In today’s digital world, many organisations are looking at their in-house IT systems and wondering whether to get another organisation to manage them for them or to turn to an IT hosting provider and put them in the ‘cloud’. However, not everybody is IT savvy and understands enough about the terminology to make an informed decision.
Millennia Computer Services Ltd. was recently asked by the Ticketing Institute to put a series of three articles together for their newsletter on the subject of IT hosting to help organisations make a more informed decision.
We thought it a good idea to publish these articles as blogs on our web site.
The series started with a basic glossary of common terms used in discussions on hosting/cloud technology. Article 2 introduced hosting/cloud and listed some pros and cons. Lastly, we provided an explanation of what to look for when moving to or changing a hosting provider.
What to look for when considering a hosting/cloud provider
When considering moving to a hosting/cloud provider or if you are looking to replace your current host, it is important that you understand your requirements and ensure that the hosting company can match your expectations. There are thousands of global hosting companies and understanding the key differentiators will help in making a decision. Nobody wants costly downtime and the affect that can have on a business. Speed and availability are often the key requirements along with quality technical support.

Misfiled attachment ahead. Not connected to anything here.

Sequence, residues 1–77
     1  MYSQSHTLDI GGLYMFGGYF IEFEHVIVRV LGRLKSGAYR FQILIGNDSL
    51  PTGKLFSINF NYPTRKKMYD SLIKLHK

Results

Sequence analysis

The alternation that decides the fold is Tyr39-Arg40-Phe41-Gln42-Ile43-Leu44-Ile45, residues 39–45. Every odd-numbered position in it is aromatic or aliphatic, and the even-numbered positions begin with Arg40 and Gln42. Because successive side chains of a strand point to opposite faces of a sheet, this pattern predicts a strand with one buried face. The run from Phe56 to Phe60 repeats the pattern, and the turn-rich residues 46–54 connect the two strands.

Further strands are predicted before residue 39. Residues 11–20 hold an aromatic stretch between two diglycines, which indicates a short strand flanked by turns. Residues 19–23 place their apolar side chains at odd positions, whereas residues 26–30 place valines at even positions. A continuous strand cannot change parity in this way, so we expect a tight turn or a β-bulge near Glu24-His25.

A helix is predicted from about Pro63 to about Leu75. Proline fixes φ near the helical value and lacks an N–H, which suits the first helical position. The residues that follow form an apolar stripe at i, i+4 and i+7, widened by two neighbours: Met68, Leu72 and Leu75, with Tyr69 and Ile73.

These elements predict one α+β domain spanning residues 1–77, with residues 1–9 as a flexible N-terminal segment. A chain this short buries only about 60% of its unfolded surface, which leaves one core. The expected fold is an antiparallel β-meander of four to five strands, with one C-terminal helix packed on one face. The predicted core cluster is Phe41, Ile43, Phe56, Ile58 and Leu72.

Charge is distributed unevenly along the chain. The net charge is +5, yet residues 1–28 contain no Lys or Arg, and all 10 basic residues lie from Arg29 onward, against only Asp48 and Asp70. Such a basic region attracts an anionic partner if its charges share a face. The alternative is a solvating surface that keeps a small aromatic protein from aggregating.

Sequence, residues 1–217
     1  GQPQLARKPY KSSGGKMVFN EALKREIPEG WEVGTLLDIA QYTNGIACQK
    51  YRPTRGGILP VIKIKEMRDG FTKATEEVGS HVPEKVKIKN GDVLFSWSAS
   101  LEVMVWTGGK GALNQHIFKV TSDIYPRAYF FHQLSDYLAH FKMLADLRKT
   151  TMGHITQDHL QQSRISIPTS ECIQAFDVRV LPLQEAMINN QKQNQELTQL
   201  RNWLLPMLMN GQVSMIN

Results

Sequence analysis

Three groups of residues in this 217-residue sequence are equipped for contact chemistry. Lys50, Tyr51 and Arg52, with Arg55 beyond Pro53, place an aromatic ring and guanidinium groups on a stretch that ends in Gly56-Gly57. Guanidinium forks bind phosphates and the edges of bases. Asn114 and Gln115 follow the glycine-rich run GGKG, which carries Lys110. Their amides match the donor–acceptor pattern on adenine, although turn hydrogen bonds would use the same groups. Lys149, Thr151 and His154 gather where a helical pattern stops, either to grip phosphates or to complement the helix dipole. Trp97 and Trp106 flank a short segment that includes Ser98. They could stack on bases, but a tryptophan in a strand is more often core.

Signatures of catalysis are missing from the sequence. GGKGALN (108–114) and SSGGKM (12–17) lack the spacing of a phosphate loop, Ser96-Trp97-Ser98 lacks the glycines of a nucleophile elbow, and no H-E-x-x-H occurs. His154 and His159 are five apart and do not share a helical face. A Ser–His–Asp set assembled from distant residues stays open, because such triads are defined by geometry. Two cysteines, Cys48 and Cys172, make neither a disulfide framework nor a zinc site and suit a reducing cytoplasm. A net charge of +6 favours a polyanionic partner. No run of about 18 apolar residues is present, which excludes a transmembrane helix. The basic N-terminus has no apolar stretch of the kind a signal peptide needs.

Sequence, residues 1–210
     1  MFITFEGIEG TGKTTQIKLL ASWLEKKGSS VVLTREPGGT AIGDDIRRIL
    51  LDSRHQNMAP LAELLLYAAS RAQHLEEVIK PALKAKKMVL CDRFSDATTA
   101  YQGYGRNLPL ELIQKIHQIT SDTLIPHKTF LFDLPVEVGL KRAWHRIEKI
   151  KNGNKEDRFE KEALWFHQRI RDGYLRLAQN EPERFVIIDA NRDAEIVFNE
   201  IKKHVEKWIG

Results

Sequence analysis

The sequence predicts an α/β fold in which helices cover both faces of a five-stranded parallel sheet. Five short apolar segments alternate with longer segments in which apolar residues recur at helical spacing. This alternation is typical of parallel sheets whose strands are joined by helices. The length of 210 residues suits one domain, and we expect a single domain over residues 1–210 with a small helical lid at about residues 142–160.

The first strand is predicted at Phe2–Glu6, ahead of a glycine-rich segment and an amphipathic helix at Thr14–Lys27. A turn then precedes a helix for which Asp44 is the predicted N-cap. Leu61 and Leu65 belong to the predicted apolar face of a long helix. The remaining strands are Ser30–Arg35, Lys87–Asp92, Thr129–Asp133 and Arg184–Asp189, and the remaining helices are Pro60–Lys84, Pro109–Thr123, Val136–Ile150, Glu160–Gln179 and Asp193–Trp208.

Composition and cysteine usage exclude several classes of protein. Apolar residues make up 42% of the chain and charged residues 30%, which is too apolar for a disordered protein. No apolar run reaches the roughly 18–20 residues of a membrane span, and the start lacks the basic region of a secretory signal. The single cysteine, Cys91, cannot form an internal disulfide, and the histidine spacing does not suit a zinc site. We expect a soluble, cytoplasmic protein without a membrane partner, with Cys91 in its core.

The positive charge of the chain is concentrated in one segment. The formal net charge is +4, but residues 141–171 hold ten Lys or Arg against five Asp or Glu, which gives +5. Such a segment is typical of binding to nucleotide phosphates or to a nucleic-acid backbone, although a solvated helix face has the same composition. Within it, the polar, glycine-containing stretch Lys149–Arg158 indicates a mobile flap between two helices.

System uptime: this is usually expressed in percentages and is key in determining the quality of the infrastructure of the hosting company. The closer to 100% the better, but be aware of 100% uptime claims as technically even a 1 second interruption breaks it. A maximum of 99.99% tends to show very high availability mixed with realism, and 99.9% in now considered a standard service. All uptime service level agreements will exclude notified maintenance periods, so be aware that outages may still occur.
Bandwidth: premium network bandwidth is key as the speed and reliability is then assured. Websites and systems will display faster and perform better via quality bandwidth providers. Any provider that uses premium bandwidth puts performance and quality ahead of price. Look for generous or even unlimited monthly allowances as part of the package, and ask what the maximum Internet port speed of the hosted solution could be. These days Gigabit Internet is pretty common and indicates investment in networking equipment at the provider.
Invoicing: cloud computing is often invoiced, depending on the contract, based on what is actually used. Care should be taken to ensure that services are not over-provisioned unless there is a discount available for long term contracted reserved capacity.
Metadata and transparency: some customers require that their provider send them metadata about their cloud workloads. Sometimes the metadata is incomplete with compliance data, performance, historical, security and billing data missing. The lack of metadata means that customers do not gain the full benefit of the cloud. A lack of transparency may give rise to a variety of issues, with performance problems and outages being high.